Local Economic Empowerment Development Strategy Certification
Judging the value of anything on the basis of its carbon-footprint or toxic byproducts as much as on its inherent utility may well help to re-define the provisioning of public goods. After all, businesses survive and prosper by meeting consumer needs and preferences. Traditional welfare economics, though, preaches that problems like global warming are the direct result of market failures that only government intervention can reverse. Yet, business may nonetheless play a major role provided that it convinces policymakers and consumers alike of its environmental bona fides. Industry self regulation in general and third-party accreditation schemes like the construction industry's LEED certification program in particular may well do exactly that.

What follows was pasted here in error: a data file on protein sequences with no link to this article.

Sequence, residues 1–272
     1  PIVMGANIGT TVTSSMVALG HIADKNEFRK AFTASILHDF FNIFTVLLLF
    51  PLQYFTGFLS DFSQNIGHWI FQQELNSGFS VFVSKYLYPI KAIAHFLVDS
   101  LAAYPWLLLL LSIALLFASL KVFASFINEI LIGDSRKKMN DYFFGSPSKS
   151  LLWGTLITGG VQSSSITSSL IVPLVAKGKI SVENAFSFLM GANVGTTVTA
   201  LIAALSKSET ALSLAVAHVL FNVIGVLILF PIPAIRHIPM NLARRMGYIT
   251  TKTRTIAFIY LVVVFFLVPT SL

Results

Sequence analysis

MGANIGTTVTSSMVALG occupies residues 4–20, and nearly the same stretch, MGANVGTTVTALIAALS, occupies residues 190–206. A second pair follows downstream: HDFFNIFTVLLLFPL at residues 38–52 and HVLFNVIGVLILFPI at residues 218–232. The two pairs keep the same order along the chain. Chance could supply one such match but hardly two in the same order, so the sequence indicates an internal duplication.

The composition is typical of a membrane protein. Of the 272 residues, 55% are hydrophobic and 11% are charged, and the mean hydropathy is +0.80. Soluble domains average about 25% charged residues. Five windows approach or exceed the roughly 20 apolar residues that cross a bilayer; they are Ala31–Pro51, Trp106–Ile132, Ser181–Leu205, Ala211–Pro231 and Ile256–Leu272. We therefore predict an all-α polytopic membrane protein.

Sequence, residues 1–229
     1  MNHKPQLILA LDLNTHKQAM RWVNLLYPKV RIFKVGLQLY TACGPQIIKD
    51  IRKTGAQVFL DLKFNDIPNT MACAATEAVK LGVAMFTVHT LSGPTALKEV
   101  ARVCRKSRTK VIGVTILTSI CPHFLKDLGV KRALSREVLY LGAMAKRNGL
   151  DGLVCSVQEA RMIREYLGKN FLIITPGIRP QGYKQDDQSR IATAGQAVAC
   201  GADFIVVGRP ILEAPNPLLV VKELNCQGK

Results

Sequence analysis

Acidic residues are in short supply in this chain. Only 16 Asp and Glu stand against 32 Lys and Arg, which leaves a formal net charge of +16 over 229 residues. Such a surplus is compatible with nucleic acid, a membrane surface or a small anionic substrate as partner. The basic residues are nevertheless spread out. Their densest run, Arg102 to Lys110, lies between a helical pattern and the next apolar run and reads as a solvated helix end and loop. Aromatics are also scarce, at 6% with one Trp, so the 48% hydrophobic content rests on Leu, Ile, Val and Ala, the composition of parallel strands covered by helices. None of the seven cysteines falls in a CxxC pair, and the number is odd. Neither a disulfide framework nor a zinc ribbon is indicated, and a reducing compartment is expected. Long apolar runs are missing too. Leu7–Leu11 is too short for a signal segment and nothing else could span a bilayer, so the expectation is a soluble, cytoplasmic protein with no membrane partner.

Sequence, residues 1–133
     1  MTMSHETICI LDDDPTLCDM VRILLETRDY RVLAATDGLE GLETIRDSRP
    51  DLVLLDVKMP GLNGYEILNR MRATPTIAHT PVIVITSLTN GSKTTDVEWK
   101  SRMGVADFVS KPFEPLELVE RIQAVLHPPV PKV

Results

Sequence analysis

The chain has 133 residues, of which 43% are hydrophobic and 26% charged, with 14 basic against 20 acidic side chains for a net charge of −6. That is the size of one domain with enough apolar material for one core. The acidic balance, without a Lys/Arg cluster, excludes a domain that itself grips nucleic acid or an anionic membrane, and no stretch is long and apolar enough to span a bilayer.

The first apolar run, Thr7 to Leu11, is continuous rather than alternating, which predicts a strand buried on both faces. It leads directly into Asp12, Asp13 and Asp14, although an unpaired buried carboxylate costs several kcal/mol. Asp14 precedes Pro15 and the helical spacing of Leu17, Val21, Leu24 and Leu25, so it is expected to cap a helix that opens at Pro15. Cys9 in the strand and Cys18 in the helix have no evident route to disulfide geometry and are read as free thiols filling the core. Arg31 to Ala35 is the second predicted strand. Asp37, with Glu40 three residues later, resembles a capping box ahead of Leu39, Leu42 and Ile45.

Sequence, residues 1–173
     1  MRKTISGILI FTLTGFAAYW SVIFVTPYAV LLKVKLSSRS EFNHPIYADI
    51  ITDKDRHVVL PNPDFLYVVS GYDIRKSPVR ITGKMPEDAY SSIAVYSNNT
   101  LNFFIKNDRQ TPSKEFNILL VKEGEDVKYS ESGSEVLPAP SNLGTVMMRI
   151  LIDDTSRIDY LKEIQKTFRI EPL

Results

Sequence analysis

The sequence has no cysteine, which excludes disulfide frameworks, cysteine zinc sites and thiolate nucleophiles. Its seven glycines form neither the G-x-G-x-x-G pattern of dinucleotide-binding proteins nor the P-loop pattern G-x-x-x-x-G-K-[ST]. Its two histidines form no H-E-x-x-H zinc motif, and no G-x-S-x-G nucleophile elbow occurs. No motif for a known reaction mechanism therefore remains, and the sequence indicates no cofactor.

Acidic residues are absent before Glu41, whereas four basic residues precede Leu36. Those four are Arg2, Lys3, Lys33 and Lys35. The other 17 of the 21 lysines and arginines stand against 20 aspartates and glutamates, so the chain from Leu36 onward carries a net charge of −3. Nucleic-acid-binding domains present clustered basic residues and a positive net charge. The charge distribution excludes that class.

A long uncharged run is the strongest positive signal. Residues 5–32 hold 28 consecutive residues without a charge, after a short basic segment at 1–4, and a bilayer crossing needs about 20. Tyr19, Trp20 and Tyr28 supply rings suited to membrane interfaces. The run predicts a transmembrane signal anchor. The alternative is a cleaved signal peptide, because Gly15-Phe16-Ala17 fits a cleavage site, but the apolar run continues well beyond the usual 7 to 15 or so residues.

Keywords Business Case; Eco-Efficiency; Industrial Organization Theory; Information Asymmetries; LEED; Product Differentiation; Public Goods; Return On Investment (ROI); Social Dividend; Theory of the Firm; Voluntary Self-Regulation
Economics: LEEDs CertificationOverview